Document Type

Article

Publication Date

June 2007

Journal or Book Title

Canadian Journal of Psychiatry

Volume

52

Issue

6

Abstract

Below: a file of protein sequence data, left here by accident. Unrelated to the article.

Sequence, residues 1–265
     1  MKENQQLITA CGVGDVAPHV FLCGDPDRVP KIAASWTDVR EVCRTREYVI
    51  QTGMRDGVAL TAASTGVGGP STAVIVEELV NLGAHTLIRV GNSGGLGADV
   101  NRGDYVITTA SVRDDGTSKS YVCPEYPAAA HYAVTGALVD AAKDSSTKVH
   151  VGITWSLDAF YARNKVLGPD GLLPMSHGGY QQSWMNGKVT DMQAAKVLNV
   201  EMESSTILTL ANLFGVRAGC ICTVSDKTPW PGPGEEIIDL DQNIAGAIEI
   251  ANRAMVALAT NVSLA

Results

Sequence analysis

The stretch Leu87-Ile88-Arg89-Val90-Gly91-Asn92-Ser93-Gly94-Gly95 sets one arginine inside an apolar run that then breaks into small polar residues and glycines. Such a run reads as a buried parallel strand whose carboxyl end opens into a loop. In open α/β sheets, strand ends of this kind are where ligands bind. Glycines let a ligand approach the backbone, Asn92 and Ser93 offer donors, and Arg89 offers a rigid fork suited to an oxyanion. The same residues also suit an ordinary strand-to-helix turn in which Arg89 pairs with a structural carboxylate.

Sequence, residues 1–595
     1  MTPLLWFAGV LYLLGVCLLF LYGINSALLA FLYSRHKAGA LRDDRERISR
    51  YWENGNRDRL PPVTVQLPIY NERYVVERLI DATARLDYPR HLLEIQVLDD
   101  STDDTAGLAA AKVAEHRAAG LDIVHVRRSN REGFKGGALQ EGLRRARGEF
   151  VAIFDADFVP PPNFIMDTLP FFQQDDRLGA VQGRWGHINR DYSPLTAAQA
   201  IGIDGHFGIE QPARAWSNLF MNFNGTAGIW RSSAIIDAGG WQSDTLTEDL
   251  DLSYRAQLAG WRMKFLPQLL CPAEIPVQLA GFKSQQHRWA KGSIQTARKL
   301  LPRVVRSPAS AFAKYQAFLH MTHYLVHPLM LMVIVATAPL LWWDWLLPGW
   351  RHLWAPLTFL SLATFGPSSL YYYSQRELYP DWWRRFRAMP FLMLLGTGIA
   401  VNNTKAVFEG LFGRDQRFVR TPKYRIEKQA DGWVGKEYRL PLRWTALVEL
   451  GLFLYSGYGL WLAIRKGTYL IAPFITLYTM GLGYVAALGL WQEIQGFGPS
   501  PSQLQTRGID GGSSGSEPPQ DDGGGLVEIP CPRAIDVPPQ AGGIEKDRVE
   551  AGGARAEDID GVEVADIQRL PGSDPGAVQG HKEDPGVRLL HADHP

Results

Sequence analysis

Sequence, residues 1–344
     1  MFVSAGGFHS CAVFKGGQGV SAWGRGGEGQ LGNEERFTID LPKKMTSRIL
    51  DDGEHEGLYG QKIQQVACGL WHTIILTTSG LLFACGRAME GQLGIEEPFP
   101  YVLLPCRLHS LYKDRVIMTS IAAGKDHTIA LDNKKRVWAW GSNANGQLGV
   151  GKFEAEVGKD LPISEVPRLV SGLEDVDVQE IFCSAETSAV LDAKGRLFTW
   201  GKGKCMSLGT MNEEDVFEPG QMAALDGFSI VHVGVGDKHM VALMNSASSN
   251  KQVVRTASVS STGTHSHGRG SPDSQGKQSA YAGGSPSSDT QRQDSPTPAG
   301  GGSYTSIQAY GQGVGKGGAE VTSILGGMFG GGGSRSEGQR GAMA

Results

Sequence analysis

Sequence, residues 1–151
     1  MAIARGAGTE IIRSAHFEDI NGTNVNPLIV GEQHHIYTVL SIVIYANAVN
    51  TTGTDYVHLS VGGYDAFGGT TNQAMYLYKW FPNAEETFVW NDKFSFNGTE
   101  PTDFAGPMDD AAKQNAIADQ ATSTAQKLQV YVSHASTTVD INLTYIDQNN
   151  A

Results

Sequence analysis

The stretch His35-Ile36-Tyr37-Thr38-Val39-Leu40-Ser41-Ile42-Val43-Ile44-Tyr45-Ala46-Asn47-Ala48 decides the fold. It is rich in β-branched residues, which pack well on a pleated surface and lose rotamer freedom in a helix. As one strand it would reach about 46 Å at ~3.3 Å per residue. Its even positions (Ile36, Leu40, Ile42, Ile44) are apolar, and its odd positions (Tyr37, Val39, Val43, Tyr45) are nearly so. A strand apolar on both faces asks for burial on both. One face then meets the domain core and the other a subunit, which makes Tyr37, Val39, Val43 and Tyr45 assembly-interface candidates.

OBJECTIVE: To examine the longitudinal diagnostic efficiency of the DSM-IV criteria for borderline personality disorder (BPD). METHODS: At baseline, we used semistructured diagnostic interviews to determine criteria and diagnoses; blinded assessments were performed 24 months later with 550 participants. Diagnostic efficiency indices (specifically, conditional probabilities, total predictive power, and kappa) were calculated for each criterion determined at baseline, with the independent BPD diagnosis at follow-up used as the standard. RESULTS: Longitudinal diagnostic efficiencies for the BPD criteria varied, with the criteria of suicidality or self-injury and unstable relationships demonstrating the most predictive utility. CONCLUSIONS: BPD criteria differ in their predictive utility for the diagnosis of BPD when considered longitudinally. These findings have implications both for clinicians who are considering diagnoses and for researchers concerned with forthcoming revisions of our nosological system.